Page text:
Doctors order 1.2 million sq cm of skin for victims in New Z
New Zealand has placed an order for 1.2 million sq cm of skin from the US to help treat patients who were severely burnt in the volcanic eruption on White Island on Monday.

Burns units across the country are at capacity and surgeons have been working around the clock on 30 patients severely injured by volcanic ash and gas.

“We currently have supply but are urgently sourcing additional supplies to meet the supply for dressing and temporary skin grafts,” Counties Manukau district health board’s chief medical officer, Dr Peter Watson, told reporters in a press conference on Wednesday. “These supplies are coming from the United States, and the order has been placed.”

Some patients have received burns to 95 per cent of their bodies, while others are suffering burns to 40-50 per cent. There are also patients with significant burns to their internal organs.

Australia has donated skin and tissue banks, as well as skin grafts and supplies, but doctors are anticipating patients will need much more skin to meet their “ongoing needs”.

Peter Watson, chief medical officer of the area’s district health board, told reporters: “We currently have skin supply, but are urgently sourcing additional supplies to meet the demand for dressing and temporary skin grafts.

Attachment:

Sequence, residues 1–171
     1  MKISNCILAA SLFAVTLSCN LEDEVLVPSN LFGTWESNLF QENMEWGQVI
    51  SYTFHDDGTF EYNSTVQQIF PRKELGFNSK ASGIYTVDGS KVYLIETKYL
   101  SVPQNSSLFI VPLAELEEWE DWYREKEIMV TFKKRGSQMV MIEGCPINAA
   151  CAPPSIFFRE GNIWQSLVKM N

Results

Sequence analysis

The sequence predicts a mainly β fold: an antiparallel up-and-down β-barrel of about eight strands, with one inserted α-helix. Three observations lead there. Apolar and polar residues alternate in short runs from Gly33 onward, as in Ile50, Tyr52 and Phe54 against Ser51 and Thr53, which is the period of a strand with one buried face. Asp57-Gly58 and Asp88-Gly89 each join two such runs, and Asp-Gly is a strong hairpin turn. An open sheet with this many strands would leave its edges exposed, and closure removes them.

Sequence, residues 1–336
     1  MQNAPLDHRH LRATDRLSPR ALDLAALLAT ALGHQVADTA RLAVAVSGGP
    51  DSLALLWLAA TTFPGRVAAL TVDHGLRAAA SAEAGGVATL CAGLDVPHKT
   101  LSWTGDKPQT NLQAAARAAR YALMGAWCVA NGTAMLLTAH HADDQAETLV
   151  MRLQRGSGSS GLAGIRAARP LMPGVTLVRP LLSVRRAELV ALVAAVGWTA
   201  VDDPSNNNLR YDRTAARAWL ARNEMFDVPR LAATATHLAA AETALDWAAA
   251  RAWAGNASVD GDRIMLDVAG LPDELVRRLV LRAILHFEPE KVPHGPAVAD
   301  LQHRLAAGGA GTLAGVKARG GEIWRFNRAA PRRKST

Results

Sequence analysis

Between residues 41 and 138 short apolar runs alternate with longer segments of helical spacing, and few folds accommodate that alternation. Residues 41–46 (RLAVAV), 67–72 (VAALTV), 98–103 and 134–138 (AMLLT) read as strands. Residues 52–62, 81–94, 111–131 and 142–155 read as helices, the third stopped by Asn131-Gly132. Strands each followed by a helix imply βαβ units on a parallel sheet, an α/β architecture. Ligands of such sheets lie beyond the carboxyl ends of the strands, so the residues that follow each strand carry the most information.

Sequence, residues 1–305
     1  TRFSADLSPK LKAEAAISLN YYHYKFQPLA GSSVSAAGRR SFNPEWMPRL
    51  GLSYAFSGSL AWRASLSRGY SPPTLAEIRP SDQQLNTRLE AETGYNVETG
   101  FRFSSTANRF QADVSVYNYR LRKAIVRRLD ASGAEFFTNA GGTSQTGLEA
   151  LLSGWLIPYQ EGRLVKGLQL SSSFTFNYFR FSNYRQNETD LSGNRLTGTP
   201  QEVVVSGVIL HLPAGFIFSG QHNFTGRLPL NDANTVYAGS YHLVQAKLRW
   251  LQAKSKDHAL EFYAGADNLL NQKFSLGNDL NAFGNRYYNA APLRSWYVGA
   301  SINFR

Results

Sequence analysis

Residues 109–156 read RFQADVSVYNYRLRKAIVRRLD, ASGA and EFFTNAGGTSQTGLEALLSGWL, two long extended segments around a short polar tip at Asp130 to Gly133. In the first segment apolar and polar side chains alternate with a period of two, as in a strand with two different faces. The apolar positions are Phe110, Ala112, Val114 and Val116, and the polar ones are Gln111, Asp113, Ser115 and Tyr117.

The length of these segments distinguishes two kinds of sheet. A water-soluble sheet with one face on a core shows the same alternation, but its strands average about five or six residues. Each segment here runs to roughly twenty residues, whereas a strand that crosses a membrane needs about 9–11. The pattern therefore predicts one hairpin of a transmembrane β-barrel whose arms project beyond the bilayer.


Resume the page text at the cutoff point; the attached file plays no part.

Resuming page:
“We anticipate that we will require an additional 1.2 million sq cm (1,292 sq ft) for the ongoing needs of the patients,” said Mr Watson.

He added that the nature of the burns suffered has been further complicated by toxic gases and chemicals in the eruption.

Skin – which organ donors can donate like any other organ after death – is vital in saving the lives of patients with major burns as it aids healing and reduces pain.

The average human body has around 11 square feet to 21 square feet of skin surface area. If left without donor skin to keep viruses and bacteria out of the body, burn patients remain at high risk of infection.

Authorities have delayed an operation to recover the rest of the victims on White Island due to an increased risk of further volcano eruptions.

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